“Don’t take my gun, Nightlife!” Tol called, trying to sound not too much concerned, and yet unable to keep the tone of pleading entirely out of his voice. “I’m liable to need it!”
This dialogue begins the real action of Wendell Berry’s “Watch with Me.” Tol Proudfoot, in his garden talking to Sam Hanks, has just observed a mentally unstable Thacker Hample wander by the barn and pick up a loaded gun. Nightlife was upset and unsettled after being denied the opportunity to preach at a revival the night before. Checking that the gun was indeed loaded, he started toward the woods.
“I expect I’ll just ease along with him a ways,” Tol said to Sam. “You go tell Miss Minnie, and then drive over and tell Walter Cotman and Tom and Braymer. Or send word to them if they’re out at work. And then you come with us.”
So the watching begins.
Being watched is increasingly our reality, and one with an entire system growing up around it. “Surveillance capitalism” eludes an easy definition, which we learn before the table of contents of Shoshana Zuboff’s The Age of Surveillance Capitalism. In fact, she provides eight definitions, naming surveillance capitalism a new economic order, an economic logic, a mutation of capitalism, a framework for a surveillance economy, a threat to human nature, an origin of power, a movement imposing a new collective order, and an expropriation of certain human rights (viii). Three main parts comprise the book. The first provides the foundations of the concept, the second explains how it advanced in the last two decades, and the third exposes it as an instrumentarian form of power poised to usher in a new form of modernity.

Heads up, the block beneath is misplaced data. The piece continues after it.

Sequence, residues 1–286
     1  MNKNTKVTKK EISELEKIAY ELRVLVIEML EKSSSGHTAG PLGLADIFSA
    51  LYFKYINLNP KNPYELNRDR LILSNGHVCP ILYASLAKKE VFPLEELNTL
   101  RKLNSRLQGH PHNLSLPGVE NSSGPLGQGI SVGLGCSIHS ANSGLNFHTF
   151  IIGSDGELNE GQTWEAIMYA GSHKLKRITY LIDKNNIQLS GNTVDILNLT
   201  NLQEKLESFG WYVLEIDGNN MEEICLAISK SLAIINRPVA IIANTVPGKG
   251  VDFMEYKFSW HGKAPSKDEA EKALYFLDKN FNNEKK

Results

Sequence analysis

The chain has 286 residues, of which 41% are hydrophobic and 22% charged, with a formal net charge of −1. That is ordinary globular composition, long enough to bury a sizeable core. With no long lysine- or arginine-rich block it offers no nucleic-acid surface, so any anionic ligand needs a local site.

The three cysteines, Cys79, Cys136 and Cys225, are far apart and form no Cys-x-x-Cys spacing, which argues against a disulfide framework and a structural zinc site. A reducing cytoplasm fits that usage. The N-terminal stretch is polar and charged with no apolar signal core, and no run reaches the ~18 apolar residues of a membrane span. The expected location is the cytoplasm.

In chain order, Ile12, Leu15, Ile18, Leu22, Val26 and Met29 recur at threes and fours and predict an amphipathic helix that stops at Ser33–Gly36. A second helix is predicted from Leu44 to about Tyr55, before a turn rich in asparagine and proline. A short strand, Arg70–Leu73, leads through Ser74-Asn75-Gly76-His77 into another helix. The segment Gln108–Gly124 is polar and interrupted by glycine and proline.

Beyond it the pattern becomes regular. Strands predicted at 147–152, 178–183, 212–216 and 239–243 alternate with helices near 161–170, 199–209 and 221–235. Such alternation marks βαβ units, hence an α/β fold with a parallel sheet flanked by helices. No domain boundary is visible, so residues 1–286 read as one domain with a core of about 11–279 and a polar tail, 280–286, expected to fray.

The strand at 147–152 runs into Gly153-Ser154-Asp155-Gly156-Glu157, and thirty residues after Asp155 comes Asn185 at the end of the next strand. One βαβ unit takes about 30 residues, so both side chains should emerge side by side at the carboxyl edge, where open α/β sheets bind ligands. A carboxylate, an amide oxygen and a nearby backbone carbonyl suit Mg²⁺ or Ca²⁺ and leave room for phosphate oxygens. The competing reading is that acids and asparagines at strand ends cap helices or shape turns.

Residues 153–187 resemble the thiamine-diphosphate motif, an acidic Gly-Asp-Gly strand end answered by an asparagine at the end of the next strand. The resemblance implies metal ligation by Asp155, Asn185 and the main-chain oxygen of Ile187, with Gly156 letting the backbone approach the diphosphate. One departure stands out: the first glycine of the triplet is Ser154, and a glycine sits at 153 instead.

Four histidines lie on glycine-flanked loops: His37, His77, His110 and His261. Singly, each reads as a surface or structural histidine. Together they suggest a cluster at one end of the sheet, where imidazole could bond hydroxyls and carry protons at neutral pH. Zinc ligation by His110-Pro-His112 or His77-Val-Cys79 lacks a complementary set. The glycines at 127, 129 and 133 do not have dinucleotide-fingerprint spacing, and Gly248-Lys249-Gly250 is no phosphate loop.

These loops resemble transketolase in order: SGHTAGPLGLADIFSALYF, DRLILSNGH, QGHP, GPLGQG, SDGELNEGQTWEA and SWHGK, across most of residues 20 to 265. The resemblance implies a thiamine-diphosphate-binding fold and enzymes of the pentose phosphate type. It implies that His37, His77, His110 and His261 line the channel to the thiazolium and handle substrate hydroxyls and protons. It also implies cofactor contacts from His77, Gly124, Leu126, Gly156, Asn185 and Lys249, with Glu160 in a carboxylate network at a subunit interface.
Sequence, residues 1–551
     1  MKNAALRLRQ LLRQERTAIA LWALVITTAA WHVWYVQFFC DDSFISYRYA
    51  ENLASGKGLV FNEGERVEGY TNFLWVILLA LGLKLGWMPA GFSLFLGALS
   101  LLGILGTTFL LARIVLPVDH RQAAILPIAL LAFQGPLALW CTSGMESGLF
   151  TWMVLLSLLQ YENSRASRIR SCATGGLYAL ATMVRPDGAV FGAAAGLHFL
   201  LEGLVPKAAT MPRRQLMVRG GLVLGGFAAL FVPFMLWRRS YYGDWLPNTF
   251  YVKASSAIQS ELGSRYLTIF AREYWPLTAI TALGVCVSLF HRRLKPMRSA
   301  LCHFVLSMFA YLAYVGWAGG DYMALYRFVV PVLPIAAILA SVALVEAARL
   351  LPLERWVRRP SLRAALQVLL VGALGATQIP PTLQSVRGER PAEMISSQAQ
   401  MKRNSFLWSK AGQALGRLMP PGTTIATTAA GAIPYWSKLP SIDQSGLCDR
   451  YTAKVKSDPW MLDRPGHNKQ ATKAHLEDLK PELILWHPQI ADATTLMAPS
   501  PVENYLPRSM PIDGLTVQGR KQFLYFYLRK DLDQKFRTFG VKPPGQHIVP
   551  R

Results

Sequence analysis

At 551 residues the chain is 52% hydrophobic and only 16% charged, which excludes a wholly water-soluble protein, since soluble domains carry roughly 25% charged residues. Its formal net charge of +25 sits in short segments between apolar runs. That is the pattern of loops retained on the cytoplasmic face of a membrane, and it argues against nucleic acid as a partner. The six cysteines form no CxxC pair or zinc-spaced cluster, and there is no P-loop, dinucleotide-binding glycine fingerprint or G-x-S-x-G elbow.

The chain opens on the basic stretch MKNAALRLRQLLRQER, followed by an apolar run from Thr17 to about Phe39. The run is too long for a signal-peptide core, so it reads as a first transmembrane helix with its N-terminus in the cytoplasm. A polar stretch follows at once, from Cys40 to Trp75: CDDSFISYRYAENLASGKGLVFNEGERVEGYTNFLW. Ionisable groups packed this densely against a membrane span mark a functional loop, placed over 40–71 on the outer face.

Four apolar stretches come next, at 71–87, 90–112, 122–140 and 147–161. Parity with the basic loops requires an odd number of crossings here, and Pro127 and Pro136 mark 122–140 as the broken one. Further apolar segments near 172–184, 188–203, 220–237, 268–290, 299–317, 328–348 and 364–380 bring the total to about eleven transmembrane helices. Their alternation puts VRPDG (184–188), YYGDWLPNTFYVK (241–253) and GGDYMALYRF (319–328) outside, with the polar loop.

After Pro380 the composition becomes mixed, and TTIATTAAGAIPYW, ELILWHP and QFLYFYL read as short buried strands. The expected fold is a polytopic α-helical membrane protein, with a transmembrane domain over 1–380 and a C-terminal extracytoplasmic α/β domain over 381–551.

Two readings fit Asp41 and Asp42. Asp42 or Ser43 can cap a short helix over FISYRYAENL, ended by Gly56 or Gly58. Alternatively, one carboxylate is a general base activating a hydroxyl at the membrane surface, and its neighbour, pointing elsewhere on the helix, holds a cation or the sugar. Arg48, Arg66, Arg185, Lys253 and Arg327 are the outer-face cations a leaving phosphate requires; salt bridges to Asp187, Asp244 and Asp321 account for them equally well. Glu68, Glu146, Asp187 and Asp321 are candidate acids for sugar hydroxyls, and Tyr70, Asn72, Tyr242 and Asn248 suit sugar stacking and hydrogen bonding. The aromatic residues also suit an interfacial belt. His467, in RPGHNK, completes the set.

In a sense, it all starts with online companies collecting data so they can use it to improve their products. This realization first creates what Zuboff calls the “behavioral value reinvestment cycle” (70), which basically means behavioral data drives service improvements for users. But companies such as Google soon found their servers clogged with more data than they could use to improve their own functionality. All of the “data exhaust,” the bits of information tangentially related to transactions and activity on the web, wasn’t useless. In fact, this surplus data from consumer behavior could yield great value for prediction and control. “Behavioral surplus” thus emerges as a key concept for surveillance capitalism. (Zuboff provides helpful figures for visualizing these concepts; see pp. 70 and 97.)
Some data could be used to improve an existing product; the rest could be packaged and used in other profitable ways. By extracting this data and analyzing it, prediction becomes both possible and lucrative—lucrative because it can enable the modification of behavior. Basically, the data that is useful for improving the product is used for just that, but the far greater amount of behavioral data is siphoned off into surveillance revenues, markets in predicting future behavior, and prediction products in general. In other words, a bit of the data might be used to improve Gmail. The rest is used to hone advertising algorithms, train AI responses to human queries, and more. As Zuboff puts it, “This new market form declares that serving the genuine needs of people is less lucrative, and therefore less important, than selling predictions of their behavior. Google discovered that we are less valuable than others’ bets on our future behavior. This changed everything” (93; emphasis original).